The media frenzy earlier this week over Google's Chrome Web browser was so over the top that I wondered: How far did reporters go questing for commentary, for insight, for historical context? How many of them chased down Jamie Zawinski, the Netscape engineer turned beer-peddling South-of-Market nightclub owner, who played a critical role in making the Netscape browser open source — a move which, years later, made Google's browser possible? So I IM'd him: "What is the absolute worst media inquiry you've gotten about Google Chrome this week?""I have gotten none until now," he replied. "Which makes this one the worst by default."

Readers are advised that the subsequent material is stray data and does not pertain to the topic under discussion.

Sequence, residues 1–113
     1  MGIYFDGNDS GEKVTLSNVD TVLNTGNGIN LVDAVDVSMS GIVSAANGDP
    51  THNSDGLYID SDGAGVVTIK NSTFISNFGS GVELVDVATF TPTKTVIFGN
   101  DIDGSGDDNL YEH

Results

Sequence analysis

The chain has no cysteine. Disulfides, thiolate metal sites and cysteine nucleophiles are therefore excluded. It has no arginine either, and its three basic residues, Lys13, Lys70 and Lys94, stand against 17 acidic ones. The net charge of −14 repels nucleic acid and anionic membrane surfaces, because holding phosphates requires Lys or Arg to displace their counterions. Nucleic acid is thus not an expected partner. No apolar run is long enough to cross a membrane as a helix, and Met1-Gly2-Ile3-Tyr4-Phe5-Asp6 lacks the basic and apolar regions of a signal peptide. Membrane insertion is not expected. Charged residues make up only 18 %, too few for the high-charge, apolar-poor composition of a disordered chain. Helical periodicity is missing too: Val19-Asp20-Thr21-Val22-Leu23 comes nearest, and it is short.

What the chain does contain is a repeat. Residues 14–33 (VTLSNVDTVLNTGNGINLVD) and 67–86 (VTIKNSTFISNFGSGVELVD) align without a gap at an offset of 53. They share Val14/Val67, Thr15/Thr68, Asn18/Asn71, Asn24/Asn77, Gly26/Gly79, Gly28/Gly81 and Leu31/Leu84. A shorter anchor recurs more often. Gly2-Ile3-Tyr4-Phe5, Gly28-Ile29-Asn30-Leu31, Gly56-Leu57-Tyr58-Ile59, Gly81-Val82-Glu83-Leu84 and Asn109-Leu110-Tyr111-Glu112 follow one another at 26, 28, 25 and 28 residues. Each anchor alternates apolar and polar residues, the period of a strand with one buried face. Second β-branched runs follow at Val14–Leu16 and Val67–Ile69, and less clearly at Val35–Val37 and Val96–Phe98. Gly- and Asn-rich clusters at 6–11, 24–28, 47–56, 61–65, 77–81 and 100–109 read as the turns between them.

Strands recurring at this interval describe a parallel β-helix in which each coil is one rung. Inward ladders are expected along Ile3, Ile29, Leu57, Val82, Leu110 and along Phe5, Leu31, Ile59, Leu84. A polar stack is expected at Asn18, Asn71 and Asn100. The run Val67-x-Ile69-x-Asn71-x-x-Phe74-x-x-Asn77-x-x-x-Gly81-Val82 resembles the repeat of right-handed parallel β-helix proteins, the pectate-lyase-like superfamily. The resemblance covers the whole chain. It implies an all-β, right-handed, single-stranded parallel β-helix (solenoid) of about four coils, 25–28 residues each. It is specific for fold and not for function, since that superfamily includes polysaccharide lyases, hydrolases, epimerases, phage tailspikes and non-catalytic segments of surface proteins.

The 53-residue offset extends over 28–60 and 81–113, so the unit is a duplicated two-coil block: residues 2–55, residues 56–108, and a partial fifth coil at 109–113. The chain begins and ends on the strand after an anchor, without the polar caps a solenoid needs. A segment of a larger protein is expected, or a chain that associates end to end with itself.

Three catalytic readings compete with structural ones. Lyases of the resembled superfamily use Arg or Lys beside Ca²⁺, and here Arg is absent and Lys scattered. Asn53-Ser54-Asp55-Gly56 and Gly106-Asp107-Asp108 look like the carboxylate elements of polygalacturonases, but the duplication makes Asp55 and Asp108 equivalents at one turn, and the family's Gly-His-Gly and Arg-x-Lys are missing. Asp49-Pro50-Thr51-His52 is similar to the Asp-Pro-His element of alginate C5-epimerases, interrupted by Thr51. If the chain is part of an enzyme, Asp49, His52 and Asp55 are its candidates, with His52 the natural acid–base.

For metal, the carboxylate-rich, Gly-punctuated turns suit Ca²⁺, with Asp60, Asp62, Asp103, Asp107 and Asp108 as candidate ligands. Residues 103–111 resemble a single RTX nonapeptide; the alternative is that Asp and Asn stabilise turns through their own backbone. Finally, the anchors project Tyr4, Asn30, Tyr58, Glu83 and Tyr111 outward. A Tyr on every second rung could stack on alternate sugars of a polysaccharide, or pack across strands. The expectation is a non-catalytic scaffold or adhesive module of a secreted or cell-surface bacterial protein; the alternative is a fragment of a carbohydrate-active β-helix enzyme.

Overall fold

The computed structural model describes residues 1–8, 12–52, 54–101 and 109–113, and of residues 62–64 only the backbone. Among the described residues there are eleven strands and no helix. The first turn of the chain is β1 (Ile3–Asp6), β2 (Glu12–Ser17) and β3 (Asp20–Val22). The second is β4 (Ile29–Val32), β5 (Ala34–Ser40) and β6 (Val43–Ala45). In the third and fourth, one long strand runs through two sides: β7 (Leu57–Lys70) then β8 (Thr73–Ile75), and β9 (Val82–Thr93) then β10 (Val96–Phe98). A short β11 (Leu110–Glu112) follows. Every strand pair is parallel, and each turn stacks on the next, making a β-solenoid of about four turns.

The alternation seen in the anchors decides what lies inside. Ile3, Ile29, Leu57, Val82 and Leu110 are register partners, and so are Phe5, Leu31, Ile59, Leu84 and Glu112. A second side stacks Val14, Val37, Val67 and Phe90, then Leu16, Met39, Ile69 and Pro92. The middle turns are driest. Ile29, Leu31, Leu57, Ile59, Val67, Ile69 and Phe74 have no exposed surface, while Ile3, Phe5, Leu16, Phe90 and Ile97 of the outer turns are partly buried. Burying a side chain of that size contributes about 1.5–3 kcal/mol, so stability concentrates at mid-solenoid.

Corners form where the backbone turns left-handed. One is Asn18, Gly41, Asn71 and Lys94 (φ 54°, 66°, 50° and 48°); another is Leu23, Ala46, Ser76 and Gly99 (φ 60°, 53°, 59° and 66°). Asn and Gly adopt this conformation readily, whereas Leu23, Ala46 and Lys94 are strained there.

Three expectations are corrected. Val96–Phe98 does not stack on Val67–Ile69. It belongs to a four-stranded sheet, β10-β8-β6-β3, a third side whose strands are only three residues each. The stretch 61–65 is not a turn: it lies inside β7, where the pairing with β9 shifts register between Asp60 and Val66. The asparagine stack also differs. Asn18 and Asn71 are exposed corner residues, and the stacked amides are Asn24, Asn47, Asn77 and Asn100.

Mozilla's 10th anniversary party at 111 Minna last night felt a little like a high school reunion for the kids who didn't go to their high school reunion. The Mozilla Foundation, maker of the Firefox browser, feigned poverty by renting just half the gallery space and serving up crudités and issuing one drink ticket per guest, only later splurging by opening up the bar. There was some awkward dancing to Soft Cell's "Tainted Love," old jean jackets embroidered with the Netscape logo, a gargantuan chocolate cake and a photo booth. Many of the oldsters who were around when CSS was just a dream and Ajax was still used to scrub toilets also traded reminiscences of Burning Man, tech society's annual prom. Mozilla Foundation chair Mitchell Baker earned part of her $500,000 salary by giving a brief speech. And sign-toter Frank Chu showed up, uninvited but always welcome. But the talk of the party was the man who wasn't there.